I used not to care for football. About the game, I had no feelings; it was the fans I disliked. I objected to them in general-loutish yobbos with their football scarves and cans of Special Brew; I also objected to them in particular-I am married to one.
In the hall at home there is always a bag of dirty kit and the television is permanently tuned to Sky Sports. My husband sits staring at the screen in tense concentration, and when his team scores he lets out an awful, frightening yell that disturbs the old ladies next door and used to make the children cry. Ours was one of the first houses in the neighbourhood to get a satellite dish; for a while we were hosts to every football fan acquaintance in north London. When they arrived they were normal individuals, but as soon as they sat down to watch they became shouting, boasting, jeering stereotypes. Football is a club. I am not a member. And that degree of obsession with something that you do not understand is not attractive.
Thus when a friend suggested that I should go to a football match one evening, I thought he must be joking. But he said it was the Paul Merson testimonial, and that it would be a great experience for me. Paul who? I said. Merson, I learnt, is an Arsenal player who used to be a drunken drug addict with a gambling problem, but who has latterly sorted himself out. The match was in his honour and Britain’s most famous footballers would be there.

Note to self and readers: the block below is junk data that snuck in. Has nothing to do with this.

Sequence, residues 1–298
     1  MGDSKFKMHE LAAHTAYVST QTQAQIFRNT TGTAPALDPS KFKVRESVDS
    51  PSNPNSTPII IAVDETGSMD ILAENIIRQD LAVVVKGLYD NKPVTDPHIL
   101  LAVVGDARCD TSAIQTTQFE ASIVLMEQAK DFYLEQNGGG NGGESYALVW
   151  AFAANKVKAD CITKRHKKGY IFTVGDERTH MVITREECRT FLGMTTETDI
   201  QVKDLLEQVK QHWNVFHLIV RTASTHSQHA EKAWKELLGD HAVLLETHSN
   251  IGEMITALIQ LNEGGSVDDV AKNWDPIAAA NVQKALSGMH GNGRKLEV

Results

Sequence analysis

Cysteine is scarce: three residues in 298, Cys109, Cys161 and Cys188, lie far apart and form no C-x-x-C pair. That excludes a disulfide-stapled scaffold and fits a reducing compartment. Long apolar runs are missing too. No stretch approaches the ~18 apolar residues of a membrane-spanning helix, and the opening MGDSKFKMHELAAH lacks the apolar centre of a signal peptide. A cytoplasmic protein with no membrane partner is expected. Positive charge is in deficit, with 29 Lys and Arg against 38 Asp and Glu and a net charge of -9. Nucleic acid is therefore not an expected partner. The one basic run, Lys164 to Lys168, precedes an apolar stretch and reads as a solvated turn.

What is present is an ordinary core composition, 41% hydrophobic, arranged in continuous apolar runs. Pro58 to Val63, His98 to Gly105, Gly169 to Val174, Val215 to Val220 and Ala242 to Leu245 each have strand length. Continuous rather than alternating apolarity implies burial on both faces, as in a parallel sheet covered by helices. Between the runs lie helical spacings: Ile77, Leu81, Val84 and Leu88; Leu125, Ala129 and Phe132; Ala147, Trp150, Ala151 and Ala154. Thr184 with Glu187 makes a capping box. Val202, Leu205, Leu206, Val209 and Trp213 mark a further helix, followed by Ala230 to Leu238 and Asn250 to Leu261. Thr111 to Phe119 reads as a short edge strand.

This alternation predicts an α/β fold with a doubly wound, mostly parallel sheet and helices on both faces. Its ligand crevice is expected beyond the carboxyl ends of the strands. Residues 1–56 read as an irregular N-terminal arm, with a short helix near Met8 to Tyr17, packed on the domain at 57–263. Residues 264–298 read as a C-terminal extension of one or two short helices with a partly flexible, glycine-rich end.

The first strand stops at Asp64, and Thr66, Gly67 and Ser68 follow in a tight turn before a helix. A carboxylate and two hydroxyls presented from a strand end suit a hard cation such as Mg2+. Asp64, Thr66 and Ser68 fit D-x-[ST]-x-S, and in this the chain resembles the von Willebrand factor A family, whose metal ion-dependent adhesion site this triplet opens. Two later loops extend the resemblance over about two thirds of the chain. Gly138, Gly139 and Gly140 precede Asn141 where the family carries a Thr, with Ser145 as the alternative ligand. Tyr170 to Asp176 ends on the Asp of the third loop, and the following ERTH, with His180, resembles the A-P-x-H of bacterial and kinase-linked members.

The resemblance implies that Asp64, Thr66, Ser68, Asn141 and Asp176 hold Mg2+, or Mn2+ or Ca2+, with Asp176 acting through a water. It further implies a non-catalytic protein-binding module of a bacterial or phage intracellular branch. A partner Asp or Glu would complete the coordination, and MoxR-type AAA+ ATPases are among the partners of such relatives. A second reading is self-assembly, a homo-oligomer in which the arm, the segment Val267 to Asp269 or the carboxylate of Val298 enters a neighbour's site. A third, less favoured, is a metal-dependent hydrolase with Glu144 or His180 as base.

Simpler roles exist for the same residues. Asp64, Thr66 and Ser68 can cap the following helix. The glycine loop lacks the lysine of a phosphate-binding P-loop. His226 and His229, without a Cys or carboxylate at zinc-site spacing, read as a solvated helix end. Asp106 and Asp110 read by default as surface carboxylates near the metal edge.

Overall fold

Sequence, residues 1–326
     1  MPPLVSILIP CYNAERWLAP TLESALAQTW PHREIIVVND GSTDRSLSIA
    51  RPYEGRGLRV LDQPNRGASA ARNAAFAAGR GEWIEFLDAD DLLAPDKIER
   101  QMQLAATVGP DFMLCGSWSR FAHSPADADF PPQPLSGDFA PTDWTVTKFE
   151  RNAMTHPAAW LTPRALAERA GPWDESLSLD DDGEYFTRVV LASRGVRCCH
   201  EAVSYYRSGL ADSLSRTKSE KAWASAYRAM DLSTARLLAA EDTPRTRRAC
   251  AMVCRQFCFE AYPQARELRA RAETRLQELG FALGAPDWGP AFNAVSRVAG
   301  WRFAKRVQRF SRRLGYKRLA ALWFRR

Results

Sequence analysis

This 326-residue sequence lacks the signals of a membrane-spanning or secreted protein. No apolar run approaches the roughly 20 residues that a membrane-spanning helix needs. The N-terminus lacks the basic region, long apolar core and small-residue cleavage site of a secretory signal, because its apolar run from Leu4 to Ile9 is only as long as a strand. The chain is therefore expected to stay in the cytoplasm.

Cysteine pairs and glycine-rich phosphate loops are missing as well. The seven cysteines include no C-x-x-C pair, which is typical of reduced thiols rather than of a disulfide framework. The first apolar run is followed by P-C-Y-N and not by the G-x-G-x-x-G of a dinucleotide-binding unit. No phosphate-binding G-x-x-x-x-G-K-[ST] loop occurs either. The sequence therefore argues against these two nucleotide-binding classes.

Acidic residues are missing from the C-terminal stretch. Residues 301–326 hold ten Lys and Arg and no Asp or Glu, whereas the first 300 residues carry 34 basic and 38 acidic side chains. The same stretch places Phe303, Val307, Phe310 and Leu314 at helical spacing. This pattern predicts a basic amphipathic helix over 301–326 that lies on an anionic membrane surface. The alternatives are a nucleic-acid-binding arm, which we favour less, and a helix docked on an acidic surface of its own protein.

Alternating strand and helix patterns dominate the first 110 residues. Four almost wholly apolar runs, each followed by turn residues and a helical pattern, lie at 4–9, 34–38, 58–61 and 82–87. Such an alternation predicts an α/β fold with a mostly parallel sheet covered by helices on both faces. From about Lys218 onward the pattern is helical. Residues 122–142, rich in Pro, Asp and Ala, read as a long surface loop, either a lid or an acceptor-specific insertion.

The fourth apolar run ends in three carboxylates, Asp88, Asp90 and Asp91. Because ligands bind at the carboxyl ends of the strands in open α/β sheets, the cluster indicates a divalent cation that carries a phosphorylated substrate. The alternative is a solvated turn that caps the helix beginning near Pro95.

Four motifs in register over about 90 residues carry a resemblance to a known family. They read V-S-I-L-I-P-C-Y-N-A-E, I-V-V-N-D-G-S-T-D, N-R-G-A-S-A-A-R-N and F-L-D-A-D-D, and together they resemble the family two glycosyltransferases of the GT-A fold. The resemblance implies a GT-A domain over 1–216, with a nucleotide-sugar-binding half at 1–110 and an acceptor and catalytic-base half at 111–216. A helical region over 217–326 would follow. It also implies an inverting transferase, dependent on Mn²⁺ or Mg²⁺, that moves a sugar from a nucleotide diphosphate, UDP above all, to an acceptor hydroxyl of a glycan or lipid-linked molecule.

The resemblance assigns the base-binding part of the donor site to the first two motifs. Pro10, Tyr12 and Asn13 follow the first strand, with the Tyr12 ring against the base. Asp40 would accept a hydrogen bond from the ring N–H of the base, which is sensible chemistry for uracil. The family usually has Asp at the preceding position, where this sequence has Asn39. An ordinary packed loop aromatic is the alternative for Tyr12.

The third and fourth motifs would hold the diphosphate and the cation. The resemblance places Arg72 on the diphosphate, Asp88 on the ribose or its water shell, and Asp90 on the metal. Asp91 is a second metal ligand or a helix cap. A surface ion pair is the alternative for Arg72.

So on the day I made my way across Highbury fields doing what I always do-peer in through people’s windows and inspect their kitchens. But as I got nearer I noticed I was part of a procession of people going to the game. There was a family in front of me and an elderly couple walking behind. There were a few clusters of uncouth young men, as well as men in suits from the City. Together we converged on the art deco Highbury stadium, so vast it made the surrounding streets look as if they were filled with dolls’ houses. We rounded a corner and there was a sea of people. It was a thrilling sight.
From our seats high in the North Stand the pitch appeared square, with wide stripes on it as if…